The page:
Crumb structure characteristics of bread and other baked products are traditionally measured subjectively, but this new AACCI Approved Method uses the C-Cell digital imaging system to objectively characterise internal crumb structure characteristics. This could be used, for example, by bakers to measure their products against set specifications.

Previously the method was only available to Campden BRI members, but it is now also available via subscription from AACCI as Approved Method 10-18.01.

The method was validated by a collaborative study conducted by Campden BRI’s CCAT (Cereals and Cereals Application Testing) working group, with help from eight UK laboratories. The laboratories used their own instruments to collect and validate the C-Cell data for six parameters that are most applicable to baked product characteristics.

Clothilde Baker, Ingredients and Primary Product Characterisation Manager, said, “We are pleased that this method is now an approved AACCI method available to all via the AACCI Approved Methods of Analysis, 11th Edition. We would like to thank all the members of the CCAT working group for allowing AACCI to publish this method. We would also like to thank all the companies that participated in the validation of this method: AB Mauri UK and Ireland Ltd, Allied Technical Centre Ltd, Calibre Control International Ltd, GB Plange UK Ltd, University of Manchester and Warburtons Ltd.”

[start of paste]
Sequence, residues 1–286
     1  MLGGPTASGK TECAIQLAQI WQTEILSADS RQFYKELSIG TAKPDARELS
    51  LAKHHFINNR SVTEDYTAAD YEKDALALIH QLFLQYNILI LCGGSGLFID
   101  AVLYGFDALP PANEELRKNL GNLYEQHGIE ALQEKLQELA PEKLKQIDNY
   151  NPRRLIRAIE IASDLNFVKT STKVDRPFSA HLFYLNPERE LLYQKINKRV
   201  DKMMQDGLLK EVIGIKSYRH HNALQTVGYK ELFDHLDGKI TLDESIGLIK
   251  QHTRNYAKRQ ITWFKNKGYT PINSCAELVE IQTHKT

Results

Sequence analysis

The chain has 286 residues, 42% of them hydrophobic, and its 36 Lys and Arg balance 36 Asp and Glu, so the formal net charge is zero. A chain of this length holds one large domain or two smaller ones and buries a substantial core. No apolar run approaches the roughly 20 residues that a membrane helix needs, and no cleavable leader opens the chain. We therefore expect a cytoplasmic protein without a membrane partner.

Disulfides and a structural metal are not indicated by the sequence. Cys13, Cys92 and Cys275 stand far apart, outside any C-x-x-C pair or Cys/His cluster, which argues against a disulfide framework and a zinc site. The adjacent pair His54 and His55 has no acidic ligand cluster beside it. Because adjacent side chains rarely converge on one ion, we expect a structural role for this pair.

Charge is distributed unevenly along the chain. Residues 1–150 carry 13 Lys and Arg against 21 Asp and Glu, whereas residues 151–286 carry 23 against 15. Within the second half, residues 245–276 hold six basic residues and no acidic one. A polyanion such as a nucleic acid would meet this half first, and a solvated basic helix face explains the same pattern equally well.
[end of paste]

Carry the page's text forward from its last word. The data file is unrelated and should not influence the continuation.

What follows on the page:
C-Cell method

C-Cell produces over 50 measurements per analysis, these are broken down into the following sub-groups to determine product quality in bread.

  • Colour
  • Dimensions
  • Shape
  • Cell Size
  • Elongation
  • Inclusions
  • External features
  • Bread score

Many bakeries select 5-8 results that best differentiates their product quality.


L*a*b* Colour results are available with C-Cell Colour. Data such as average crumb colour, external crust colour and brightness of the crumb are available. The ‘crust unwrap tool’ is featured here which also enables the crust thickness to be measured.

Multiple measurements are recorded for each slice including slice area, height, width and packaging dimensions such as a wrapper length.


Visual appearance is quantified with shape measurements, such as the Concavity (top, bottom and side), Oven Spring (position, height, depth) and top shoulder and bottom roundness.

Bread score
As bakers produce different types of product at C-Cell we have developed a scoring system to combine results into one specific score which relates to the sensory assessment of the particular bakery product. Bakeries use this to monitor changes in batch production and identify variability on a daily basis.